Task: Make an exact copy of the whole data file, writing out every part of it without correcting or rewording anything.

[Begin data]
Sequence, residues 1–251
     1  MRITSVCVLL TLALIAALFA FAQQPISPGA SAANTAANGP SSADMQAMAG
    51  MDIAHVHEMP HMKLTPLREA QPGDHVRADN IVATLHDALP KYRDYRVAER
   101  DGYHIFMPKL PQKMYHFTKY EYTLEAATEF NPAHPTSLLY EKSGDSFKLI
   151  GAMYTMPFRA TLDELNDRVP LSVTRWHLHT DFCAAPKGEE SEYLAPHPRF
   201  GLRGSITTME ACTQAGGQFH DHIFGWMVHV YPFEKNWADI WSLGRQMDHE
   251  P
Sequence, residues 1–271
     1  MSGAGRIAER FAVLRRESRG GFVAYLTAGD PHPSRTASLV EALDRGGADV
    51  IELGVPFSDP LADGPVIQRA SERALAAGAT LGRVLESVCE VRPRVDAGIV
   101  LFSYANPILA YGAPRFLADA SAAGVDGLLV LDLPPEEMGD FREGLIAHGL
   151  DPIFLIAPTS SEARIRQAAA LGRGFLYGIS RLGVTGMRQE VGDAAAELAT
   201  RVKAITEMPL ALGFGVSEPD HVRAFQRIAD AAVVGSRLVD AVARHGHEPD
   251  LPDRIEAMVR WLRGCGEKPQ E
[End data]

Sequence, residues 1–251
     1  MRITSVCVLL TLALIAALFA FAQQPISPGA SAANTAANGP SSADMQAMAG
    51  MDIAHVHEMP HMKLTPLREA QPGDHVRADN IVATLHDALP KYRDYRVAER
   101  DGYHIFMPKL PQKMYHFTKY EYTLEAATEF NPAHPTSLLY EKSGDSFKLI
   151  GAMYTMPFRA TLDELNDRVP LSVTRWHLHT DFCAAPKGEE SEYLAPHPRF
   201  GLRGSITTME ACTQAGGQFH DHIFGWMVHV YPFEKNWADI WSLGRQMDHE
   251  P
Sequence, residues 1–271
     1  MSGAGRIAER FAVLRRESRG GFVAYLTAGD PHPSRTASLV EALDRGGADV
    51  IELGVPFSDP LADGPVIQRA SERALAAGAT LGRVLESVCE VRPRVDAGIV
   101  LFSYANPILA YGAPRFLADA SAAGVDGLLV LDLPPEEMGD FREGLIAHGL
   151  DPIFLIAPTS SEARIRQAAA LGRGFLYGIS RLGVTGMRQE VGDAAAELAT
   201  RVKAITEMPL ALGFGVSEPD HVRAFQRIAD AAVVGSRLVD AVARHGHEPD
   251  LPDRIEAMVR WLRGCGEKPQ E